Monday, September 8, 2008

Adoption Diary: Part One

Sorry for the delay after the introduction to my Adoption Diary, but life has gotten BUSY.

I was 16. Out for lunch with a friend. A date, sort of. An awkward lunch of small talk. I think his name was Steve.

We drove back to my house so he could meet my parents. I walked in the door and could sense "it". I didn't know what was causing "it" this time, but I knew "it" was there.

Steve was sent on his way without ever meeting anyone. I needed him gone, and probably made my point efficiently. Not so strangely, I suppose, that was the last time I talked to him for a long time. I got a call when he got engaged, and an explanation that I wouldn't be receiving a wedding invitation because his fiancee was jealous of me.

One lunch date that for me was only memorable because of what happened after, but I remember because that lunch was the last moment my life was the way I actually believed it to be. Everything was to change in the next few years. And it all started for me at the moment I walked in to the house and sensed "it".

A child of fighting parents gets very in tune to "it". The tangible sense of stress in the air when you walk in the door. The shut doors. The not talking, or the talking too loud behind closed doors. Red rimmed eyes of your mother, the silent hunched back of your father in front of the television. Normal seems elusive. The only ones pretending to be normal are the kids.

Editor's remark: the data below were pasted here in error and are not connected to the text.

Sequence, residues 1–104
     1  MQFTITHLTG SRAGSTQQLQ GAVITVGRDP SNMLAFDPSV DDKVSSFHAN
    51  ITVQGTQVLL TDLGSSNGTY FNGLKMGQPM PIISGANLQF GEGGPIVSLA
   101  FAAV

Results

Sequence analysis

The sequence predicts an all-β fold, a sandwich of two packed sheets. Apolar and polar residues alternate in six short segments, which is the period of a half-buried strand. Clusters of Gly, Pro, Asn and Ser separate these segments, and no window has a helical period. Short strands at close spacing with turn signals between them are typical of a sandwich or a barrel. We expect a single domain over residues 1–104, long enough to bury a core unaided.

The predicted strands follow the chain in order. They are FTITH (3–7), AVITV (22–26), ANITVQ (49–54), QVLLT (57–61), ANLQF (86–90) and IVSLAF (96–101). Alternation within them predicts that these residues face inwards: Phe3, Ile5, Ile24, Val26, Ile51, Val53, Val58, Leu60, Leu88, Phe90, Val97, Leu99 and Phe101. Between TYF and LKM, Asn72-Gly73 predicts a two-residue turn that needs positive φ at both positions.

Jess, 14, and I, had acting normal down pat. School, friends, sports (ok just Jess), church, family. Pretend on the outside, be wary on the inside.

By all accounts, we were your All-Canadian Perfect Christian Family. My mom was ultra conservative, incredibly involved, over protective and very loving. My dad was hard working, loving, family oriented and also involved in our lives.

We went to my grandparents' house for Sunday visits and Kentucky Fried Chicken picnics and my Nan's house on Saturday nights to watch hockey. I knew there was disfunction "out there" but for the most part my parents did a stellar job of protecting us from it. Except of course, for the reality of their failing marriage, "stuff" happened to other people and by all accounts our lives were fairly boring and extremely middle class normal.

And then that day I walked into the house and sensed "it". Something in the air. Some stress. Some tension. Some very strong emotion.

After Steve left, I knocked on my mother's office door. She was crying. Sobbing in fact.

I was scared.

"I need to talk to you girls" she said, "and its very, very important".

I found my little sister and we sat on the floor in my mother's room and waited for the news that would open our eyes to a whole other life. Another world.

It was, in many ways, the first day of the rest of my life.

1 comment:

Lala's world said...

Jen you have such a great way of writing with honesty and compelling way of drawing one in!